Saturday, August 30, 2014

Goodbye to Beacon Street

We said goodbye to Beacon Street Manor today, and it's bittersweet. On the one hand, we're very excited for what comes next. Our closing has been delayed briefly, so for now we're staying in a pet-friendly motel in the suburbs. We're hopeful that we'll close very soon, and as soon as we do I'll share an update about the home-buying process. I just don't want to jinx it or share too much while the final stages are still unfolding. For now, I'll just say that it's been stressful but we've been so grateful for the incredible support from our friends and family, as well as our broker and attorney who are doing all they can to ensure that in the end this all works out.

But it's also sad to leave. We lived there four years, the longest we've lived anywhere since our childhood homes. Some wonderful things happened there and in our lives during that time -- new and deepening friendships, new jobs, graduate school, getting engaged, getting married, families gathered for Thanksgiving, countless race bibs amassed, loved ones embarking on exciting life adventures, untold gallons of paint and unauthorized improvements to the apartment, and all the intangibles that leave us very different people than when we moved in. It's where my passion for DIY began and flourished, and I put so much time and energy into making the space our own. It's hard to say goodbye.

I snapped some photos as we finished packing and moving -- it's amazing how different a space can look with or without furniture and decorations.




Living room


Study (and our final picnic lunch in the apartment)

So that's it, goodbye to Beacon Street and we're ready for homeownership!

Thursday, August 7, 2014

Wedding DIY: Decor

I think this is the last wedding-related post, with an assortment of DIY decor I haven't written about yet.

Seating sign

Weddings are full of traditions, many of which we embraced, and others we threw to the wind because it wasn't what we wanted or it didn't work for our families (since both sets of our parents are divorced). For instance, I had both my parents walk me down the aisle:

I didn't have a maid of honor, just five wonderful bridesmaids:

And both our brothers and dads gave toasts during the reception:

We didn't do a father-daughter dance, but I did grab my dad during the reception for an informal dance:

We also didn't do a bouquet toss or garter toss.

Anyway, one of the other traditions we eschewed was having "bride's friends and family" sit on the left during the ceremony and "groom's friends and family" sit on the right. We thought people might be uncertain, though, so I made a sign to put out at the ceremony letting people know.

I knew I wanted to make a sign, but wasn't quite sure how I would do it. Then one day in the spring I was walking to school, and saw a used and partially broken kids' easel on the sidewalk:

It definitely was not looking good, but I thought it was easily (easel-y? har har) fixable.

First I sawed the legs off, to make it a little less unwieldy and easel-like:

Then I applied a few coats of turquoise paint that I already had from past projects (and the same paint I used on the basket for the ceremony programs). Here's the photo I took when I realized that it matched my nail polish:

Then I used a chalkboard pen (which is bolder than regular chalk) to write on the chalkboard side of the sign (I just painted over the whiteboard side). I used an online photo I saw for inspiration. Here's how it turned out:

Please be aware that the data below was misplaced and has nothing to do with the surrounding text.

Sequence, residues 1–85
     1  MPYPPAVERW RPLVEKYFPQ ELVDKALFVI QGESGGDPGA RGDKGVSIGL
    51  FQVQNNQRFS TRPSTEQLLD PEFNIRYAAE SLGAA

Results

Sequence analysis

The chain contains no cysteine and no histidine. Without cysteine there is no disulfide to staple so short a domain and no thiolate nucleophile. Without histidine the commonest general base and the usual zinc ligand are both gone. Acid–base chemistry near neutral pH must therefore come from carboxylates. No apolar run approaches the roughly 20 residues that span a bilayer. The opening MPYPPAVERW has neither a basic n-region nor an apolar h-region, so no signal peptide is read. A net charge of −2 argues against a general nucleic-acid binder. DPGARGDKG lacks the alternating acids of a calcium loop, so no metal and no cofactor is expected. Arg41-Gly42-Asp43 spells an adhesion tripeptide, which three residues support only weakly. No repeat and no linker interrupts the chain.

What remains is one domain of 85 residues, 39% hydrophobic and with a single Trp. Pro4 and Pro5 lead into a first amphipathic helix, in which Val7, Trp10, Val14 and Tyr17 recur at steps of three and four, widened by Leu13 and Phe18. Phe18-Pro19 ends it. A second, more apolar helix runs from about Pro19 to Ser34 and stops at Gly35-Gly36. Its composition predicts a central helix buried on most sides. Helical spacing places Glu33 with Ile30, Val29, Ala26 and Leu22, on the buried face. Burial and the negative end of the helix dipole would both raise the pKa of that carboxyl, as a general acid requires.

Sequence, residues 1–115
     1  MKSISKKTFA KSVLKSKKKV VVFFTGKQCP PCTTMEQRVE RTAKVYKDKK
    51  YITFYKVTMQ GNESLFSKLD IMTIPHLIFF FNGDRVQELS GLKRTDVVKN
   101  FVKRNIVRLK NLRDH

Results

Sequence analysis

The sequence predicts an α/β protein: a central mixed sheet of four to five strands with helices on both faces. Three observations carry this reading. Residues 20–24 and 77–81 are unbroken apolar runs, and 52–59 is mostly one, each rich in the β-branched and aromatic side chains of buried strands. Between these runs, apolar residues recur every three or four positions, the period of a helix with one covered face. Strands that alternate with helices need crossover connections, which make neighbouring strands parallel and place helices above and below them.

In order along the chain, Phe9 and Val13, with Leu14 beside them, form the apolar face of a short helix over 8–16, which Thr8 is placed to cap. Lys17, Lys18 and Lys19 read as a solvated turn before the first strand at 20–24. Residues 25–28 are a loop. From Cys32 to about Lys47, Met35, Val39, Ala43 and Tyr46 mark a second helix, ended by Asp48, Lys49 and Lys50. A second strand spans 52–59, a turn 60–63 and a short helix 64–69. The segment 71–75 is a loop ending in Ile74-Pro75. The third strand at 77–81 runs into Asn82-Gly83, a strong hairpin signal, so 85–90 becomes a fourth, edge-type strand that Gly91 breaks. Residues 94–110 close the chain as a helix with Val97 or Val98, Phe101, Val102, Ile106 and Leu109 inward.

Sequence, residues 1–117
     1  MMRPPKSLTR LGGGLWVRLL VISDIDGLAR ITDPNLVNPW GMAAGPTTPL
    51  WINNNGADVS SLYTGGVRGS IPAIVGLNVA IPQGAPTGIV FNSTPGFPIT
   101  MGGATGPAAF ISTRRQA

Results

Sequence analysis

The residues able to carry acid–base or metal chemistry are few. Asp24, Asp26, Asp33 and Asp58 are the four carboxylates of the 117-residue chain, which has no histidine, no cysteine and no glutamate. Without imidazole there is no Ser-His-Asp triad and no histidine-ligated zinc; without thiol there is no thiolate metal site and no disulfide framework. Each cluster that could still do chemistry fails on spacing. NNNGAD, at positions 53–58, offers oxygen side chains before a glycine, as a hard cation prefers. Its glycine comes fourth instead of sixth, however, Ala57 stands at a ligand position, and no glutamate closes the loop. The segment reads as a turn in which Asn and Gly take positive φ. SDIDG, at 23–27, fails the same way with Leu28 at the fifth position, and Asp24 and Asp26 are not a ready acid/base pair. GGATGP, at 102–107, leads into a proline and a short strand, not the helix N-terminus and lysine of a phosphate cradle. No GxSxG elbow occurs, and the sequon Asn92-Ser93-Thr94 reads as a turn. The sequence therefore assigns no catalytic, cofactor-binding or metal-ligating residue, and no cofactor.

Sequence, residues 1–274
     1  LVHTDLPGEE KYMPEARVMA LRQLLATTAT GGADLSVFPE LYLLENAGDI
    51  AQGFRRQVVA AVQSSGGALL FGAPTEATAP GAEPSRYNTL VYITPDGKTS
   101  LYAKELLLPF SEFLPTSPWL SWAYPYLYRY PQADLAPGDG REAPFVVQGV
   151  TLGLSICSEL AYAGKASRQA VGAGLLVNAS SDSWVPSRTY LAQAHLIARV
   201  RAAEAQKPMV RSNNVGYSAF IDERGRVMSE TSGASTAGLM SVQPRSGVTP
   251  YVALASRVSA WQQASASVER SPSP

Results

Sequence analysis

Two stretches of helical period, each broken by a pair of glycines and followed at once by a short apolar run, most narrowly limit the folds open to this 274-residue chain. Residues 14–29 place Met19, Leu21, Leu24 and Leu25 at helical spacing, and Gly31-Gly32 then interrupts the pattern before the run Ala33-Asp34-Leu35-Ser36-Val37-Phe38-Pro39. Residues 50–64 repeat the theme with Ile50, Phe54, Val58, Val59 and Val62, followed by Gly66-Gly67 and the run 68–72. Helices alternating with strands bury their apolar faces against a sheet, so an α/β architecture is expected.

And here it is at the wedding:

Wish Tree

For our guest book, we made a wish tree -- branches in a vase and tags that people could write wishes and comments on and then hang on the tree.

For the tags, I bought plain ivory gift tags off of Etsy, and then some turquoise string and pink string (in line with the color scheme) that I tied on each one to hang them:

The branches I found in my neighbor's brush pile, which had been there for months (and after the wedding, I returned them to the same pile...). I put them in a vase I already had, and filled it with decorative stones I also already had to keep the branches in place:

We got some really sweet messages. And some confusing ones.

Once we move, I'm going to find a way to display the tags (maybe laying them all out in a grid and framing them).

Table settings

For table decorations, we went fairly simple. We used the rectangular tables that came for free with the venue, so I wanted something that would but long and low (whereas many centerpiece ideas are good for circular tables). From the beginning, I liked the idea of a burlap table runner down the center. But then I decided to go with brown craft paper runners, which were easier and less expensive. I bought it in big rolls (from Michael's), cut it in half down the middle to get the right width, and then cut 8' lengths for the 6' tables and 10' lengths for the 8' tables.

Then I used the colored and patterned scrapbook paper I mentioned here to add some color. I used three pieces per table spaced evenly and turned diagonal to the craft paper. We had a small flower arrangement on each of the outer two pieces (the flower arrangements were very simple and done by our awesome florist in pasta sauce jars that I'd been saving/hoarding for about  year). Then on the center piece of paper, we had a candle holder (I collected blue glass candle holders from goodwill over the course of 22 months), a table number (which I made out of turquoise cardstock), and photos of each of us at the age of the table number (so us 3 years old at Table 3). We also had a few additional electric votives scattered around that the caterer provided (we weren't allowed to have actual votives for fire safety reasons).